Bucks drag show success, despite negative media
by Angela Thomas
Dec 06, 2012 | 1383 views | 0 0 comments | 11 11 recommendations | email to a friend | print
DRAG SHOW PERFORMERS JILLIAN DIAMONDS (FROM LEFT), SINNAMON, IVANA PUSSIE, ENIGMA AND TWISTED TEAZIE. Photo: Jakki Daley
DRAG SHOW PERFORMERS JILLIAN DIAMONDS (FROM LEFT), SINNAMON, IVANA PUSSIE, ENIGMA AND TWISTED TEAZIE. Photo: Jakki Daley
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Bucks County Community College hosted its first drag show on Nov. 16 — but the event was met with some negative media reaction, despite that it was hailed as a success by organizers and audience members.

The Open Door Club, Bucks’ LGBT student group, hosted the event, which raised more than $800 for Bucks Villa, a group home for those who are HIV-positive or living with AIDS.

Despite the fundraising and turnout of about 120, the event was criticized by Bucks County Courier Times columnist J.D. Mullane and in an editorial in the paper.

Club advisor Professor Max Probst, who teaches sociology at the college, said Mullane also reacted negatively to a sex-ed event the Open Door Club hosted in the past.

The Open Door Club is 25-members strong and, despite nerves, about 10 students performed on stage at the inaugural event. The show was funded by the club’s own fundraising efforts, such as through its annual LGBT Prom, and the group also receives funding from the Student Government Association.

In the Courier Times’ Nov. 23 editorial, the writer questioned the event’s “appropriateness,” stating that the show was full of “foul language and sexual references” and that “the festivities would have seemed more at home in a strip bar.”

Probst said that, although there was minimal adult language from the emcee, the event was typical of a college drag show.

Shay Hoppe, president of The Open Door Club, said she was surprised by the Courier Times’ coverage.

“My reaction when I first read the articles was that they didn’t even focus on the fact that it was a fundraiser. Everything was about how inappropriate things were. [Mullane] took things that nobody else paid attention to and turned it into this big blow-up,” she said.

Mullane’s column at one point stated that there was a child in the room.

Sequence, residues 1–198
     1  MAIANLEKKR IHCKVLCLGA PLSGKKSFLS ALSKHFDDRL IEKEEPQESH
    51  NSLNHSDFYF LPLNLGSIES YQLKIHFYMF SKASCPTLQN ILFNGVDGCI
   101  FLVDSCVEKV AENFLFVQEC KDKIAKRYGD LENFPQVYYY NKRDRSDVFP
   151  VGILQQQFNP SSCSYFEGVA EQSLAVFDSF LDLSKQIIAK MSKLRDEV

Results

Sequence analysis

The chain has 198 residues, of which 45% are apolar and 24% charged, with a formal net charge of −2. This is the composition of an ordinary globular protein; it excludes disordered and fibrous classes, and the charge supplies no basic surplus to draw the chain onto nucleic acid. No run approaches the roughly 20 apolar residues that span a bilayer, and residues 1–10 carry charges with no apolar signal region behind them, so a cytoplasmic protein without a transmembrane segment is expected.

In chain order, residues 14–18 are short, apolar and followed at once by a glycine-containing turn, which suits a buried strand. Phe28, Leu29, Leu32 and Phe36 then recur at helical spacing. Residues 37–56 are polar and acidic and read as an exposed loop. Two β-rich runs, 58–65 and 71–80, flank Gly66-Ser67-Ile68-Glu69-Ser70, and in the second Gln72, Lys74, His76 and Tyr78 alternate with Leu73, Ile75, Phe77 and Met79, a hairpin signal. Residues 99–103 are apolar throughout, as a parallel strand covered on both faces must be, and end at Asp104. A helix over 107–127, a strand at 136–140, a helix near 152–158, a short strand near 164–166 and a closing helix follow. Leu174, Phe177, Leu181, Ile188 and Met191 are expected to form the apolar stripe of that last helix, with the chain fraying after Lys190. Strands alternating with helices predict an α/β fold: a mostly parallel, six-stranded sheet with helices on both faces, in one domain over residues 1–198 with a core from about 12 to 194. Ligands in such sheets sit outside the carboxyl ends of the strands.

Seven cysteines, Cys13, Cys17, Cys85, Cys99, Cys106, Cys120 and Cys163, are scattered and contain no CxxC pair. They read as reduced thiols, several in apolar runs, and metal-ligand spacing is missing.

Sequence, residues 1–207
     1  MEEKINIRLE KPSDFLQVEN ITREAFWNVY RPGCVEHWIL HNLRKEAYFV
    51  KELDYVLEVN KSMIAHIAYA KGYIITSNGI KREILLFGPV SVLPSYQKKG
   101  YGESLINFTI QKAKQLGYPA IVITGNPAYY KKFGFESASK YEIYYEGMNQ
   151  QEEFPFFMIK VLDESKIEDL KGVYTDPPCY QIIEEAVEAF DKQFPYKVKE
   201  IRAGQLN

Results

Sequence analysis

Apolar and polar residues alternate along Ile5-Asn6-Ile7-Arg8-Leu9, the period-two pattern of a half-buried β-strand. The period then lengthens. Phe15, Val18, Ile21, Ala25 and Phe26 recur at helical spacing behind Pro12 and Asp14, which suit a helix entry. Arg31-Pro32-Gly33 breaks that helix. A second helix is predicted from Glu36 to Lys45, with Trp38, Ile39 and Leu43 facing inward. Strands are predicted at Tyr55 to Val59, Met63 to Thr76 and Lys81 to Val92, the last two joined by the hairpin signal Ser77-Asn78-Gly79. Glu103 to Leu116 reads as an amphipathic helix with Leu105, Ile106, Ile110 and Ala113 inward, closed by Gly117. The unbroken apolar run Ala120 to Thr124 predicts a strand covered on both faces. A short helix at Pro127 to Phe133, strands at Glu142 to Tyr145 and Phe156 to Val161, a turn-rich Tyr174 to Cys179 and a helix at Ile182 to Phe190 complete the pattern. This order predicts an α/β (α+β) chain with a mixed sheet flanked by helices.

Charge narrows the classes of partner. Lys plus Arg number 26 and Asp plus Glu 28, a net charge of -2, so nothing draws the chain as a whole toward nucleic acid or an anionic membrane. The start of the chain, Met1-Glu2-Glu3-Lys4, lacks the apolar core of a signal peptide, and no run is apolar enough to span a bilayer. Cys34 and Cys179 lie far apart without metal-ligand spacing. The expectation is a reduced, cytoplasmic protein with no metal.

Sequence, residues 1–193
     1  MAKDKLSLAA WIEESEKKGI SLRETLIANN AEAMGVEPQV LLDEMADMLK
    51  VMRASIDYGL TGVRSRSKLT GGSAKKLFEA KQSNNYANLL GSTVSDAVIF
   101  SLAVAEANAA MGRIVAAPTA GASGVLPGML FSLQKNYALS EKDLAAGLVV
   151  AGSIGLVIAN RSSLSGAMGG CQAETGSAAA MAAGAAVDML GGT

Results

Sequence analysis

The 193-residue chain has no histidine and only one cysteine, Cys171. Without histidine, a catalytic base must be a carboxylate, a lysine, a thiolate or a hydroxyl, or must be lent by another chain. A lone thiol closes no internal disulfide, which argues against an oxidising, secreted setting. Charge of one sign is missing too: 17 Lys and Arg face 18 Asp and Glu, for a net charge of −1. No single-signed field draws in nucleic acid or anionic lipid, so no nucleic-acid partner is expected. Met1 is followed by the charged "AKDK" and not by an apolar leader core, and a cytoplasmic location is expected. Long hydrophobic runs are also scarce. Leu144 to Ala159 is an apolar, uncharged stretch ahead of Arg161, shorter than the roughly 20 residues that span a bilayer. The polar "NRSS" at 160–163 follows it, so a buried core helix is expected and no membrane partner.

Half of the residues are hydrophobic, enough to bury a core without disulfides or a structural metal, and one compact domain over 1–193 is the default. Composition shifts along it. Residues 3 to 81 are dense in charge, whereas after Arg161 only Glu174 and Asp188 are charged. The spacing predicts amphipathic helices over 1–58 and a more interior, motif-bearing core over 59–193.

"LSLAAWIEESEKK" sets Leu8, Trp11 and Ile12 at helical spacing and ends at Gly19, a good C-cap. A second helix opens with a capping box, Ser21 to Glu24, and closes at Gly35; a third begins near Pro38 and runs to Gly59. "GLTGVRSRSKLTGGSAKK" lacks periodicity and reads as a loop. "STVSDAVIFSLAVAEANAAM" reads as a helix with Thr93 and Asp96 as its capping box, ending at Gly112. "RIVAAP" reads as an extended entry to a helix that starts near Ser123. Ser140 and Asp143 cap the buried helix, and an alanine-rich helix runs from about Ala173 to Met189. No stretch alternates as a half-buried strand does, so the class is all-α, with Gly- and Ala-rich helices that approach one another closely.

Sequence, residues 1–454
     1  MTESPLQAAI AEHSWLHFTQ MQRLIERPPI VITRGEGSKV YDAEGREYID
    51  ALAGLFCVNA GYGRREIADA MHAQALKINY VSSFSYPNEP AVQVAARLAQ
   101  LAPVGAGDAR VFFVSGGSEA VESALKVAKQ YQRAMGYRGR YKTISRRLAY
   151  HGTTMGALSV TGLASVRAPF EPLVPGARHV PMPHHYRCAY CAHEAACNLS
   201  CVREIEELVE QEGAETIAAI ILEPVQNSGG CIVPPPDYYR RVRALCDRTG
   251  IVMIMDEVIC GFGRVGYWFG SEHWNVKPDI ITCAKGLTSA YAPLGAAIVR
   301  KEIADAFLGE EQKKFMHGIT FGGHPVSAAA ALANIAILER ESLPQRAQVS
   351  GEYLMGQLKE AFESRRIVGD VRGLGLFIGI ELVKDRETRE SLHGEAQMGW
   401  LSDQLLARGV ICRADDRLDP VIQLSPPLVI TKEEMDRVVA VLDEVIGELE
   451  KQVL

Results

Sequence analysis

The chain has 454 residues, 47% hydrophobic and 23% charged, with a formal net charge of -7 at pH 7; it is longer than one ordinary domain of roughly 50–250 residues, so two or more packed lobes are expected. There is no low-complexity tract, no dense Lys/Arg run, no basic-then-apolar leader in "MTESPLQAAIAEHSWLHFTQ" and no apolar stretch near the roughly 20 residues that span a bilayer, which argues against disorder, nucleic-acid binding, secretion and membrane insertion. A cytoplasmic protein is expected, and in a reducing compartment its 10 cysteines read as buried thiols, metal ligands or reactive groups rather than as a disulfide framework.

“The show was advertised as ‘Mature Audiences ONLY!’ but this did not stop the geniuses running the gate from permitting three young women from bringing a child, perhaps 2 years old, into the auditorium. They took front-row seats,” Mullane wrote.

Hoppe said she did not see any children at the show.

“Nobody remembers seeing a child walk in,” she said.

Probst said the students were upset by the tone and focus of the coverage.

“They were actually feeling pretty defeated in a way because the way they saw the event happen was very different than it was reported. It was just a misrepresentation from the media but the students are very strong people,” he said. “They worked really hard. They actually began the planning process in the beginning of the semester. The students who were performing were very nervous but proud of themselves when they were able to get up and do it,” he said.

Hoppe agreed and said the members invested a lot into the production.

“A lot of them had stage fright but they ultimately went up and performed and did what they thought was right,” she said.

Probst said both the article by Mullane and the editorial were the only unsupportive feedback they have received.

According to Probst, the campus community is very accepting when it comes to its LGBT population and The Open Door Club, and many have gone on to defned the club in Courier Times’ online postings.

“We have very supportive staff and administrators on campus. Bucks passed same-sex benefits a year ago,” he said. “Our club is very active and out LGBT faculty and staff come to our events and are very supportive.

Hoppe concurred with that assessment.

“Everybody that we talked to has said it was amazing and a lot of fun. They asked if we were doing it again next year,” she said.

Probst said he will support the students should they want to stage another show — and Hoppe said the articles have not deterred the organization from doing so.

“It made us want to have a bigger and better one next year,” she said.

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